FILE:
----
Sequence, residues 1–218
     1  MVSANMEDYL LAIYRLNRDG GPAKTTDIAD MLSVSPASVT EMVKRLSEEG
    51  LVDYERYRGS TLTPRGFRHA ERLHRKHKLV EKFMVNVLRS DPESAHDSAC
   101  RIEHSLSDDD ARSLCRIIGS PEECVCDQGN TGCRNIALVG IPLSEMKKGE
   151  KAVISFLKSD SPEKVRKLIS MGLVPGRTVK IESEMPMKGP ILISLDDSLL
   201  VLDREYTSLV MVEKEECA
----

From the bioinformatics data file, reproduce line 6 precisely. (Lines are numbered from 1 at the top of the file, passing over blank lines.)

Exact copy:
   201  VLDREYTSLV MVEKEECA